But though these contracts are entitled to recognition as another way to dispose of property in prospect of death, it does not follow that they may be employed so as to nullify the laws applicable to the devolution of property or to confer upon the donees greater rights than they would have had if the devise had been in the form of a last will and testament. *732 It is apt to observe that the Federal Government is neither concerned with nor interested in the application and enforcement of State laws respecting succession or inheritance of property. Indeed, it seems manifest that the regulations of the Treasury Department for the payment of savings bonds[1] (relied on by defendant in this case), were designed solely to facilitate the Government, by providing a simple method for the liquidation of these obligations, so that it would not be subjected to the inconvenience and delays attendant to the settlement of conflicting or disputed claims. There was not, in our opinion, any intention to interfere with the enforcement of the laws of descent and distribution of the various States. Therefore, forasmuch as the payment on death clause contained in such bonds must be considered as a valid appendage to our laws respecting the forms for dispositions mortis causa, it appears logical to apply all provisions pertaining to testamentary dispositions, except those dealing with forms, in determining rights and liabilities under such a devise.

Article 1705 of the Civil Code declares: "The testament falls by the birth of legitimate children of the testator, posterior to its date".

This Article, which operates a revocation of all dispositions mortis causa made by a donor antedating the birth of a child, is founded, as stated by Chief Justice Slidell in Lewis v. Hare, 8 La.Ann. 378, "* * * upon the reasonable presumption that the testator would not have given his property to others had he foreseen that he would afterwards have offspring".

Counsel for defendant say that Article 1705 is inappropriate here because, by its very language, it pertains only to testaments and that the payment on death designations in the bonds are not testaments. True enough, they are not testaments, but are dispositions mortis causa and, as such, are substitutes for and have the same effect as testaments. The plain reason why Article 1705 deals solely with testaments is because that is the only method by which property may be devised in prospect of death under our law. Hence, as aforesaid, since dispositions mortis causa in the form of payment on death clauses are to be given the force and effect of testaments, a parity of deduction requires that they must be governed by all provisions relative to testaments, other than form. Adoption of this course is not novel; it is consonant with the views we have heretofore expressed in other cases when the right of a forced heir to his legitime was concerned, Succession of Land, 212 La. 103, 31 So. 2d 609, and the share of the wife to the community estate was at stake, Succession of Geagan, 212 La. 574, 33 So. 2d 118, 122. In the latter decision, it was well stated that "* * * we will not permit William J. Geagan, Sr., to do by contract with the Federal government what he could not have done by donation mortis causa in this state, that is, dispose of his wife's share of the community property at his death in favor of a third person; * *".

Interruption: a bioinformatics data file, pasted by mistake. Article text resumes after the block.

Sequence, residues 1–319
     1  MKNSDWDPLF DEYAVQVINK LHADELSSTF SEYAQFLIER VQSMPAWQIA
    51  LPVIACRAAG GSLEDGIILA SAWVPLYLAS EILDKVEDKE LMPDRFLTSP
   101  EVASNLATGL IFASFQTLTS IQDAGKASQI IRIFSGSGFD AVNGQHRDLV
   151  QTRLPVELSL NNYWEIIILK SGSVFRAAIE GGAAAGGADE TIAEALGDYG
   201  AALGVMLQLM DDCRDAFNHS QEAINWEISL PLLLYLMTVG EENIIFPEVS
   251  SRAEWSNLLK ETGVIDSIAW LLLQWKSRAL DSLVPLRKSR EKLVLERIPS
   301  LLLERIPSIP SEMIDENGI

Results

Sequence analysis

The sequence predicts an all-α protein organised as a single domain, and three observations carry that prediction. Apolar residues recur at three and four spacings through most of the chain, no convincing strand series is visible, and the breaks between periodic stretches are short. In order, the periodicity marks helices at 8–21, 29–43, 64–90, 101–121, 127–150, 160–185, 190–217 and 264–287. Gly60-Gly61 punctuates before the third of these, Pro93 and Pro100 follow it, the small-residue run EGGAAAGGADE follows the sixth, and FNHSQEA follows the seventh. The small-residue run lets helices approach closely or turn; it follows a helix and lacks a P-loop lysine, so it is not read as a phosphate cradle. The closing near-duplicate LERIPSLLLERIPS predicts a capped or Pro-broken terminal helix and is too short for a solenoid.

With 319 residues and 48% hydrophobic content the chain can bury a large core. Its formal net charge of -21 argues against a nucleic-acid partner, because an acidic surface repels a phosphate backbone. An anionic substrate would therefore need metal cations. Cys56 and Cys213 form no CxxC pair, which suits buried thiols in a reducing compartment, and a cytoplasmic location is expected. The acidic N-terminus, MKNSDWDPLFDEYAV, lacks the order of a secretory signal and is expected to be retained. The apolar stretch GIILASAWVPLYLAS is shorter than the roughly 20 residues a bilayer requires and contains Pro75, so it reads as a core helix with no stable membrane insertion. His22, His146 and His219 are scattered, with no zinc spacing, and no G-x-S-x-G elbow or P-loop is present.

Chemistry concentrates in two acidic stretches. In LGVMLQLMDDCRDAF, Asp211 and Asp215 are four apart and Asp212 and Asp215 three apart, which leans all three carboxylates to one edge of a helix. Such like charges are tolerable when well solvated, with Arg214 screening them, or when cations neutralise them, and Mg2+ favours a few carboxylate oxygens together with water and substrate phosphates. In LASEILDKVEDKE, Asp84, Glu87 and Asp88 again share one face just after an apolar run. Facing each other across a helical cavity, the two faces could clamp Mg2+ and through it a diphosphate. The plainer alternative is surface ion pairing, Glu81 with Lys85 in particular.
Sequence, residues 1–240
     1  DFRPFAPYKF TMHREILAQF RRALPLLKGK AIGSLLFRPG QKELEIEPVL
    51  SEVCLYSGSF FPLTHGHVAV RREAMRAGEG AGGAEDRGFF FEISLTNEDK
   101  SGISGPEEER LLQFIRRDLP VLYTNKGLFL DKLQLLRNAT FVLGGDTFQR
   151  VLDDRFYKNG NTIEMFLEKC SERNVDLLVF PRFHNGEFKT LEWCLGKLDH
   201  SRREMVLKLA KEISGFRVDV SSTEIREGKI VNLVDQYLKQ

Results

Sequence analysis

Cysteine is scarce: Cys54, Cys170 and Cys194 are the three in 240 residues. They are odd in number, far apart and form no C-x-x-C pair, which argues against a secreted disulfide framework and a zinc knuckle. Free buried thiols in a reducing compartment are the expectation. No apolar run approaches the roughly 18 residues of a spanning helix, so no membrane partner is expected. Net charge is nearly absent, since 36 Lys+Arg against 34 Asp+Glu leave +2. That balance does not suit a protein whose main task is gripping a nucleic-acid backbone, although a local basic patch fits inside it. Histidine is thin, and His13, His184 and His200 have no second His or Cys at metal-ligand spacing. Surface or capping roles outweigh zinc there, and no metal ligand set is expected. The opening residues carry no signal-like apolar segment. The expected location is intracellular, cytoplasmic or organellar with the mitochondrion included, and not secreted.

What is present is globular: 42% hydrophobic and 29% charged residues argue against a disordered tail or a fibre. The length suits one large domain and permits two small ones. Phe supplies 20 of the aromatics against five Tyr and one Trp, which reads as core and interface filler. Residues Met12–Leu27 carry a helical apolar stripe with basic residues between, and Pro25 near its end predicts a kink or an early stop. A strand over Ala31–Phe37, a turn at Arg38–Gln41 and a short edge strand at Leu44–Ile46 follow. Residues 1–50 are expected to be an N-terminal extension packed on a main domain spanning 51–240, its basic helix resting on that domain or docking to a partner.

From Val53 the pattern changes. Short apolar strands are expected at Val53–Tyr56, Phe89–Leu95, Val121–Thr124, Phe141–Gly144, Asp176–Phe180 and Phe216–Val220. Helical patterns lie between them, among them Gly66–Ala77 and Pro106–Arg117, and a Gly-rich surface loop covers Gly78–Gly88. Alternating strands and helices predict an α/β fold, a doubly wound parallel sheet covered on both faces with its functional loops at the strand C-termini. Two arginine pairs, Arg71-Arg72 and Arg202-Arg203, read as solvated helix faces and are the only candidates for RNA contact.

So we say in this case that the defendant cannot be accorded greater rights, merely because the donation is in the form of a Federal contract, than he would have had if it had been by last will and testament as prescribed by our law. And, while Louisiana may not require that the bonds be paid to anyone other than the named beneficiary, it undoubtedly has the power, which was reserved to it by the Tenth Amendment of the Federal Constitution, to decree that the beneficiary or payee is indebted to the estate of the former owner, or his heir, in an amount equal to the value of the gift.

The judgment appealed from is reversed; the exception of no cause of action is overruled and the case is remanded for further proceedings consistent with the views herein expressed. The costs of this appeal are to be borne by defendant.


[1] Section 315.36 of the Treasury Regulations provides: "If the registered owner dies without having presented and surrendered the bond for payment * * * and is survived by the beneficiary, upon proof of such death and survivorship, the beneficiary will be recognized as the sole and absolute owner of the bond, and it will be paid only to him, * * *".